(1) Notwithstanding anything in this Constitution,
(a) no Act of Parliament in respect of
(i) religious or social practices of the Nagas,
(ii) Naga customary law and procedure,
(iii) administration of civil and criminal justice involving decisions according to Naga customary law,
(iv) ownership and transfer of land and its resources, shall apply to the State of Nagaland unless the Legislative Assembly of Nagaland by a resolution so decides;
[ii] National Insurance Co. Ltd. v. Atarer Nachha, 2009 (4) T.A.C. 573.
[iii] Institute of CA of India v. M/s Price Waterhouse, A.I.R. 1998 S.C. 74.
[iv] Member – Secretary AP State Board for Prevention and Control of Water Pollution v. Andhra Pradesh Rayons Ltd., A.I.R. 1989 S.C. 611 (India).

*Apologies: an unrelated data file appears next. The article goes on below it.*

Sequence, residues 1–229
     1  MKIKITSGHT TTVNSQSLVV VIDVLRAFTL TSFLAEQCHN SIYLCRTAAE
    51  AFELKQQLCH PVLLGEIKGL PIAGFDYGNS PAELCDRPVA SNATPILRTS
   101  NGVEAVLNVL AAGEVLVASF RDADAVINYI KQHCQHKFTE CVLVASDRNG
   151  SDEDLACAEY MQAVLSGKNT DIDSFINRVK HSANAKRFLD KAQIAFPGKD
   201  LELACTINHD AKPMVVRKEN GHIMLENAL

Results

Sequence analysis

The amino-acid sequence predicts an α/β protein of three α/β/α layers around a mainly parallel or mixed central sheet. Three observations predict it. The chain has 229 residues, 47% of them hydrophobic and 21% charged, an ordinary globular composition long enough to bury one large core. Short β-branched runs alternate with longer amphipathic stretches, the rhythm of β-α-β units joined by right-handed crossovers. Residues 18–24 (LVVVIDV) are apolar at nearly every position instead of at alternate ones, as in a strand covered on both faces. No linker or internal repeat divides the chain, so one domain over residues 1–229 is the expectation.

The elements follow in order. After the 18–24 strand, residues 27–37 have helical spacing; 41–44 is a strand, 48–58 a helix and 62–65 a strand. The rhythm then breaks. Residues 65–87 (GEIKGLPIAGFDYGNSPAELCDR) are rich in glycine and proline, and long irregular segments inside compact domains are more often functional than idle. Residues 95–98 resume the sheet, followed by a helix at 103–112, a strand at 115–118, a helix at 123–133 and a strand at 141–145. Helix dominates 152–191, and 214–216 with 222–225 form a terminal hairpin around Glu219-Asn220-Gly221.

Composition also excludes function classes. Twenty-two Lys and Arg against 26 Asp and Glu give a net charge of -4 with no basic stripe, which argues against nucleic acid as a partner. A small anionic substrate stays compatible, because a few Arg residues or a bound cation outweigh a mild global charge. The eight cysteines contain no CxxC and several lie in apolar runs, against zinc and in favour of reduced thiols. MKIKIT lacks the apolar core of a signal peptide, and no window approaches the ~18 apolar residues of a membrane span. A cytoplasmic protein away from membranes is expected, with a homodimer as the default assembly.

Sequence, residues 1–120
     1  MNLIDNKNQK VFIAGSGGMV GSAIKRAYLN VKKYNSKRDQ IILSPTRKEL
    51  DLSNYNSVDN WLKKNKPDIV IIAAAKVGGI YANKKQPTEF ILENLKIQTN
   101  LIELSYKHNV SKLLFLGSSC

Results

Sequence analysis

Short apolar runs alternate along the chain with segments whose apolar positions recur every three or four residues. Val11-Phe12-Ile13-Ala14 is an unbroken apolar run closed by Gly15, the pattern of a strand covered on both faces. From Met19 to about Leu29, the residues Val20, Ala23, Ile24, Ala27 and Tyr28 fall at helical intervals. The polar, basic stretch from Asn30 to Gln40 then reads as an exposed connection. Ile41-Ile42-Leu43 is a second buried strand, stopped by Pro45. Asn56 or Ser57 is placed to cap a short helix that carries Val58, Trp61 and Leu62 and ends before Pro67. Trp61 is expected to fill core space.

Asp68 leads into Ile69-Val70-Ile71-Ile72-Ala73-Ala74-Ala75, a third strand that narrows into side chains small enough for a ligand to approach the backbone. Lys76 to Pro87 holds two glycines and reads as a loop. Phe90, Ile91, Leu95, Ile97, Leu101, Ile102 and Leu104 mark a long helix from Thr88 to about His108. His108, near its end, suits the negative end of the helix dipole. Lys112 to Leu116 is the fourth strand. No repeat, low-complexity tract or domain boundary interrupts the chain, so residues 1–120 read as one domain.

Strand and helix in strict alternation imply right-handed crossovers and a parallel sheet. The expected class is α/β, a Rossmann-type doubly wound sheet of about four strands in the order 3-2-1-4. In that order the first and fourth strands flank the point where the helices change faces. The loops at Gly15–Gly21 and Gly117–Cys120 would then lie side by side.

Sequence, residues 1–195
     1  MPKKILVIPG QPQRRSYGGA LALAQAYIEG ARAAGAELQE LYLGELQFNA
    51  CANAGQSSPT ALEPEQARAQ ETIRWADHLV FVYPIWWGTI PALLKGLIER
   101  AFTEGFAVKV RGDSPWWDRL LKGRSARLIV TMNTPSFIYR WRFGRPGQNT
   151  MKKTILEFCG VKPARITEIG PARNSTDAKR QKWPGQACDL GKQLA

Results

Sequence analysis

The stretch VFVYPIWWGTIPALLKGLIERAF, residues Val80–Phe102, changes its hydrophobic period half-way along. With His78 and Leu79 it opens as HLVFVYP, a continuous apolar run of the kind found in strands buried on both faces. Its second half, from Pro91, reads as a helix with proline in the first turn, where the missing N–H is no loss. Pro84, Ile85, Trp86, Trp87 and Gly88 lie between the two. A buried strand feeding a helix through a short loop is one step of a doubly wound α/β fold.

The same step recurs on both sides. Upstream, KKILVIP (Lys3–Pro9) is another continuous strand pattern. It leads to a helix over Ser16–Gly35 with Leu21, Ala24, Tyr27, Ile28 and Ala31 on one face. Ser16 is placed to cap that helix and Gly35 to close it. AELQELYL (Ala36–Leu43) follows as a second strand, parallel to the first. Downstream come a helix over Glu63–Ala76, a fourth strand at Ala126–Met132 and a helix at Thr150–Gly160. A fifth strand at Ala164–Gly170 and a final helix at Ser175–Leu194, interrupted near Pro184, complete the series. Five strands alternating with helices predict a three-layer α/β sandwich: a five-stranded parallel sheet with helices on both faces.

[v] Mohan Kumar Singhania v. U.O.I., (1992) 1 S.C.C. Supp 594 (India).
[vi] Yves Lejeune, Participation of Sub-national Units in the Foreign Policy of the Federation in Raoul Blindenbacher and Arnold Koller (eds.), Federalism in a Changing World Learning from Each Other, McGill-Queen‟s University Press, London, 97 (2002).
[vii] Larry N. Gerston, 5 (2006).
[viii] Thomas. O. Hueglin, Canada: Federalism Behind (Almost) Closed Doors in Raoul Blindenbacher & Abigail Ostein (eds.) 3, Mc-Gill Queen’s University Press, London,13,  (2005).
[ix] Edward T. Hayes, Changing Notions of Sovereignty and Federalism in the International Economic System: A Reassessment of WTO Regulation of Federal States and the Regional and Local Governments Within Their Territories, North-Western Journal of International Law & Business, Volume 25, 2004 retrieved from http://scholarlycommons. Law.